Diverticulitis is a bowel condition characterized by inflammation and/or infection of the diverticula, which are small pouches in the walls of the intestines, especially in the lower part of the colon.
Diverticula are usually present in adults over the age of 40, and they are more frequent in those who have chronic constipation or that do a diet that is poor in fiber. This causes the feces to get dry and get retained in the bowels, which leads to the formation and inflammation of the diverticula. Symptoms like nausea, vomiting, and stomach pain are signs of this condition.
It's important that diverticulitis be identified and treated under the supervision of a gastroenterologist, to prevent serious complications such as perforation or intestinal obstruction.
Symptoms of diverticulitis
In most cases, diverticulitis is asymptomatic and it is only identified through diagnostic tests, such as abdominal CT scan. However, some people do report signs and symptoms that are not very specific, such as:
- Abdominal pain, especially in the inferior left-hand side, which may be constant and persist for several days;
- Diarrhea or constipation;
- Sensitivity on the left side of the abdomen;
- Nausea and vomiting;
- Blood in the feces;
- Loss of appetite.
The intensity of the symptoms varies according to the severity of the inflammation, which, if light, will not produce noticeable symptoms. Meanwhile, if you have these symptoms it's important that you visit a gastroenterologist to assess the need to carry out imaging tests such as ultrasound or Abdominal CT scan, and blood tests.
Main causes of diverticulitis
The presence of diverticula in the lower part of the colon is called 'diverticulosis' and when those diverticula are inflamed the condition is called 'diverticulitis'. That inflammation can happen as a consequence of aging, as there is a loss of elasticity of the intestine muscles, which can lead to small parts of stool remaining in the area and the diverticula getting inflamed.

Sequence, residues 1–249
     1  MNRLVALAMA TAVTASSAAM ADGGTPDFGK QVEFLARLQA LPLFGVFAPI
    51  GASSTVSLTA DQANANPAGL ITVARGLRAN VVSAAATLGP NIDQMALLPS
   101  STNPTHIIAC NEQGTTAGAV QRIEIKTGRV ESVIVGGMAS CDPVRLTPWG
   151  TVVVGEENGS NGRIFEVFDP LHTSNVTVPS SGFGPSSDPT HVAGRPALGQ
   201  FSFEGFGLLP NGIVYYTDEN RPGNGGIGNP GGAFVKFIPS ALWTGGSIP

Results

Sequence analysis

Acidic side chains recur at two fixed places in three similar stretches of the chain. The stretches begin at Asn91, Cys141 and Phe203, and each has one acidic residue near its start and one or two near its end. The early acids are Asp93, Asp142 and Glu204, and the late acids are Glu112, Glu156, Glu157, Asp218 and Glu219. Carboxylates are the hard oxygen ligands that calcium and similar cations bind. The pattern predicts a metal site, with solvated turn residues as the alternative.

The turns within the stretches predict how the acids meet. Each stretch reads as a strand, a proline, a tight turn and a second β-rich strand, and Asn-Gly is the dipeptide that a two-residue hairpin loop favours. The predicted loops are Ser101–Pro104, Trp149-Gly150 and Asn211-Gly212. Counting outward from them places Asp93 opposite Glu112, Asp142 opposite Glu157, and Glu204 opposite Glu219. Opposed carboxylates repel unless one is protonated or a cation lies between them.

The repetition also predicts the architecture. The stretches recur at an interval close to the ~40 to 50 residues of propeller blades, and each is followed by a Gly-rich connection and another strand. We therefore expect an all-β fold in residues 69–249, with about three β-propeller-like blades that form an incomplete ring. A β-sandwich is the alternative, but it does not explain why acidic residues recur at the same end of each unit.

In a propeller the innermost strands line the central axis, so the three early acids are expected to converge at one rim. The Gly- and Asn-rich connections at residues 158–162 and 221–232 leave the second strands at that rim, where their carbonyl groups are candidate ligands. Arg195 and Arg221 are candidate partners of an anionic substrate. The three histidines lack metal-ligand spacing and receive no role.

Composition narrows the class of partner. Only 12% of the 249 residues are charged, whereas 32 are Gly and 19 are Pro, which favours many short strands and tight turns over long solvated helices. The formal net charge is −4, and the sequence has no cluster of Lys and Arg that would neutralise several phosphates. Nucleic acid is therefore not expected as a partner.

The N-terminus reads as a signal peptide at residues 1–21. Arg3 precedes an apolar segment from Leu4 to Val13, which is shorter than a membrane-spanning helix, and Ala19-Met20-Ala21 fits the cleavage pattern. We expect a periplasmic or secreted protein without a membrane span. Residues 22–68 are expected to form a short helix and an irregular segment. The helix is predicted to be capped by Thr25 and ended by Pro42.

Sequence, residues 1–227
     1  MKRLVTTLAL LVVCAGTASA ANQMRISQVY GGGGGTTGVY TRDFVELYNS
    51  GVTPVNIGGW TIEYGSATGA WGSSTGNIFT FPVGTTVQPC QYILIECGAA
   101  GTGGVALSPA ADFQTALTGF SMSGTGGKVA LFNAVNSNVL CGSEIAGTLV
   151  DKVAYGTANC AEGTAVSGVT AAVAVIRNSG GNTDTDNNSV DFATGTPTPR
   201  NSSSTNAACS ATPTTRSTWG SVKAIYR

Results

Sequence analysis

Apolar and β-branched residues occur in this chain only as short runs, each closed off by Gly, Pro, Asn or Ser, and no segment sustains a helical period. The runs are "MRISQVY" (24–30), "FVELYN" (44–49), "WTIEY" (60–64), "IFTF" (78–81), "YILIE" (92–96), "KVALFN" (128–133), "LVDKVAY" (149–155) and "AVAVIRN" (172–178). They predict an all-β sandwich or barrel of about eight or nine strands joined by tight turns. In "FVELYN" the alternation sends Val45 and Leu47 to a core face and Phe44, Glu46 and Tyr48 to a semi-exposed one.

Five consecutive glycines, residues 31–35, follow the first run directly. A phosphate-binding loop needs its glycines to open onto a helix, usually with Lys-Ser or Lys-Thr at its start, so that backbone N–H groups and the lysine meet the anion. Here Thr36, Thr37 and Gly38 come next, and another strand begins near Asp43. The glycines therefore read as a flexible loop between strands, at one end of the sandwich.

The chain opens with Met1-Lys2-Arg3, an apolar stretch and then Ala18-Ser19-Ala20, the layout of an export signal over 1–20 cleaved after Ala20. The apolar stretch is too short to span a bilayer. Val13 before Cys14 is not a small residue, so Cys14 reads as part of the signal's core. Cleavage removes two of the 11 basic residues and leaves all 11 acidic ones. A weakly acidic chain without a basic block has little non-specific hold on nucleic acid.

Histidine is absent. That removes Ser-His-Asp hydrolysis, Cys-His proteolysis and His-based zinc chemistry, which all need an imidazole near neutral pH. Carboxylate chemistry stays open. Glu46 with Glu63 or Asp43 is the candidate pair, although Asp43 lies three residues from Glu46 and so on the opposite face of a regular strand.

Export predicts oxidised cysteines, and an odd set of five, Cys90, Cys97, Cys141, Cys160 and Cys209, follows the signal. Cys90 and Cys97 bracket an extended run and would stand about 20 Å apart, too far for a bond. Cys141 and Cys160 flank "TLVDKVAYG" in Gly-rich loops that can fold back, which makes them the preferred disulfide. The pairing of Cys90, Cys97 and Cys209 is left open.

In addition, other situations that can cause these structures to get inflamed are diets poor in fiber and chronic constipation, which lead to dry feces which, in turn, increase pressure in the intestine and can cause the diverticula to get inflamed.
Due to small portions of feces being retained, it's also possible for there to be a small local infection, which causes the signs and symptoms of diverticulitis.
Diverticulitis treatment should be oriented by a gastroenterologist according to the intensity of the symptoms and the cause of the inflammation. The doctor may prescribe analgesic medication and/or anti-inflammatory medication to relieve symptoms, and antibiotics, such as Ciprofloxacin e Metronidazole, to treat or prevent the development of infections.
Additionally, the doctor may also indicate some dietary changes, being that the most important guideline is to only ingest fluids in the first three days of a diverticulitis crisis. Solids should be introduced gradually, in order not to increase the pressure inside the intestines. As the inflammation and the symptoms decrease, it's important to follow a fiber rich diet, such as fresh fruits, vegetables, or wholegrain cereals, in order to avoid the diverticula getting inflamed again. See how your diet should be during a diverticulitis flare-up.
In most cases, treatment for diverticulitis can be done at home, however, in the case of complicated diverticulitis, hospitalization is important as intravenous medication and assessment regarding a surgical procedure may be necessary.
When diverticulitis is not treated as soon as the first symptoms appear or when treatment is not done accordingly, some serious complications may appear:
- Bleeding, which can be intense and noticeable through the presence of blood in the feces;
- Formation of fistulas, which are connections of the intestine with other organs, which increases the risk of infection;
- Perforation of the intestine, which is a serious complication of diverticulitis and causes intense inflammation in the abdominal region;
- Intestinal obstruction, in which the inflammation stops the passage of feces through the intestine and this causes swelling, cramps, and vomiting.
To avoid complications it's important to follow all of the doctor's recommendations in order to decrease inflammation and avoid new crisis of diverticulitis.